The following section will walk you through the process of configuring the firewall using the wizard interface.
The first time you start Firestarter, the Firewall Wizard will automatically start and configure your firewall. If you wish to re-configure your firewall for any reason later on simply select: Firewall->Run Firewall Wizard or click the Wizard icon on the toolbar (the firewall can also be configured from the Preferences).
The wizard is a series of 7 pages designed to customize the firewall to your needs. You can change most of the firewall functions from other parts of the program, for example the Network Services Setup wizard page is overridden by the more advanced Rules view in the main interface.
This page is for configuring the external network device; that is, your Internet connected network adapter.
The wizard attempts to discover all devices that are currently active on your machine. Generally, you should use either PPPxx or ETHxx devices unless you are an advanced user and know what you are doing. If for some reason your preferred interface is not detected you can type it into the text box. In practice however this will do you no good; if the wizard can't find your interface there is probably some problem with it that must be resolved first.
Some cable modem users might have to select ppp0 as their device, even if they only have an Ethernet card in their machine. This is because of the PPPoE protocol deployed by their ISP. If you see an ppp device in the list, and you do not have a modem, you probably must select it as your device on this page.
The following two options are available:
Internet connection sharing allows several machines to access the Internet trough a single network connection. This is done using NAT. To the outside world the cluster of machines will look like a single machine with a single IP address.
For NAT to work you need two or more network devices in your machine. If you only have one device this page will not show in the wizard. The port forwarding section in the Rules view will also be disabled.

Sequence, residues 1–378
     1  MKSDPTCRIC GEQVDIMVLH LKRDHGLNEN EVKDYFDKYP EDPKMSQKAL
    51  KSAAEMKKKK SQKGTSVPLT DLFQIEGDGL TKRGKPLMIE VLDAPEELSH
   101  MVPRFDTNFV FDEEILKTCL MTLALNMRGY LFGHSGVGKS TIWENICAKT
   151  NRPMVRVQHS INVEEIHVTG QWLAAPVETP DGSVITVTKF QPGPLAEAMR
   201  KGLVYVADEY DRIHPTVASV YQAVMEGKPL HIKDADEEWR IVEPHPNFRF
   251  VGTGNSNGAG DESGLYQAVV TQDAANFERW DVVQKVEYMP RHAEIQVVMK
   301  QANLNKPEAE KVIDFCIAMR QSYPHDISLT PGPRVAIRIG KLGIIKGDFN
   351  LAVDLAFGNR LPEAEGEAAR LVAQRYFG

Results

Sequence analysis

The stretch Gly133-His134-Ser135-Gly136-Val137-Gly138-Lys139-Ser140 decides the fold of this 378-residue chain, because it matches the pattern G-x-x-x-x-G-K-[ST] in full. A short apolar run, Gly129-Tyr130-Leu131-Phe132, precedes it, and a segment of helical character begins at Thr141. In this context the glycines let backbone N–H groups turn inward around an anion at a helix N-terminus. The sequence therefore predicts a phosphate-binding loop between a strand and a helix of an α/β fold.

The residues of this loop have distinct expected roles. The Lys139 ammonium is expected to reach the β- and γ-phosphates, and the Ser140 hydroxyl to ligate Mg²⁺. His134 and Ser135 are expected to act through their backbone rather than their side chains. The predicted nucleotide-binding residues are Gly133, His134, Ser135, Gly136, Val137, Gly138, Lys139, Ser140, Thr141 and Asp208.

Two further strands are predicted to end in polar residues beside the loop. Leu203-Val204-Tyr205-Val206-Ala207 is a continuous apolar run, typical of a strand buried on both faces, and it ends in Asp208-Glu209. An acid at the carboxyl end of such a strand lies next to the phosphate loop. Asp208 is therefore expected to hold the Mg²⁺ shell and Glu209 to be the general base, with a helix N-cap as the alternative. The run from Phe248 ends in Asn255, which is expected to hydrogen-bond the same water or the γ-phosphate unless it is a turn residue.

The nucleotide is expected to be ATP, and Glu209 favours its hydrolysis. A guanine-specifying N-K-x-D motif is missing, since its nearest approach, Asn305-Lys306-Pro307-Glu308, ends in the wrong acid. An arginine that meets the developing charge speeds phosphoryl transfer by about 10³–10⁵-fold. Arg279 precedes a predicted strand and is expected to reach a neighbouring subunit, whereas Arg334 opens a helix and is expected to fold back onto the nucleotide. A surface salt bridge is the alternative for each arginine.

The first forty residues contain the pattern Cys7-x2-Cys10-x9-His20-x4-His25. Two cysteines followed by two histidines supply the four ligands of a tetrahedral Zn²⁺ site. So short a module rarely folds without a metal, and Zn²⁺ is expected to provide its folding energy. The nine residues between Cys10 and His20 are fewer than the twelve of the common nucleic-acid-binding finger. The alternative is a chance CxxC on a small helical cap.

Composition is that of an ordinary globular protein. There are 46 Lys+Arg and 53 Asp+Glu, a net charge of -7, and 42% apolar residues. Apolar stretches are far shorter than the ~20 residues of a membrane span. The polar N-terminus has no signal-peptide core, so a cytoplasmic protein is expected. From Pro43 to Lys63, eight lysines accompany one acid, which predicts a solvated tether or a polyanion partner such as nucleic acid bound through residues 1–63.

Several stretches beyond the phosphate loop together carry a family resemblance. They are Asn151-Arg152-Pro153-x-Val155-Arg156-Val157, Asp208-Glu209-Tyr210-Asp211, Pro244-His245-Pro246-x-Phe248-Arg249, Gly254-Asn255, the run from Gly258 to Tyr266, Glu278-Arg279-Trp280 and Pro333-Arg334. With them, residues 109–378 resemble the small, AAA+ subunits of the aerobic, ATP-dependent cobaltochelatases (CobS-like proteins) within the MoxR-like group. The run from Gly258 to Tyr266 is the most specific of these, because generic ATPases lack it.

To enable NAT select an device from the drop down menu of autodetected devices other than the one you chose for your external connection.
The IP range autodetection should be left on in nearly all cases. In some advanced cases of subnet dividing you can specify it manually, but normally you should not touch this option unless you are sure you need to.
For a in-depth look at Internet connection sharing, read our Guide to NAT.
If you are running server software, for example an web server or DNS services, you can specify here that the services in question are public. Public services can be accessed by everyone from the Internet. Note that you do not need to, and should not, mark services public that are only meant to be accessed from your LAN if you are using NAT.
Services are easily opened and closed using the Rules view. The settings on the Rules page take precedence over the settings on the Services Wizard page.
This section is intended for advanced users. ToS filtering can improve throughput or reliability of network connections. Note that ToS filtering needs to be supported by the network you are connected to, meaning that you are in practice restricted to LANs for filtering purposes. Firestarter provides several ways to optimize the connection, emphasis can be placed on client, server or remote X sessions.
This option allows you to select which ICMP options you would like to receive on the external device. By default, Firestarter allows all forms of ICMP messages through the firewall, including some uncommon or seldom used options (such as address masking).
Note that filtering out ICMP packets will render several common network utilities like ping and traceroute useless on your machine. This can in turn further affect other programs that are relying on these utilities.
If you are concerned about people performing ping scans, floods or probes on your network it is advised to at least filter some forms of ICMP communication.
Firestarter has the following ICMP filtering options are available:
Timestamping is used by many @Home providers for statistics tracking
Users of the @Home Cable network should not filter timestamping requests, as these are commonly used to maintain statistics tracking and keepalives throughout the networks.
Some LAN Manager Requests require Source Quenches
Some earlier implementations of the OS/2 LAN Manager stack (Warp 3.0 and 2.1/Connect) require source quenches to be enabled - we are still unsure why this is, but OS/2->OS/2 communication will silently fail if you enable filtering of these packets.
At the final page you have to option to either discard your changes or accept and save your choices.[Back to Index]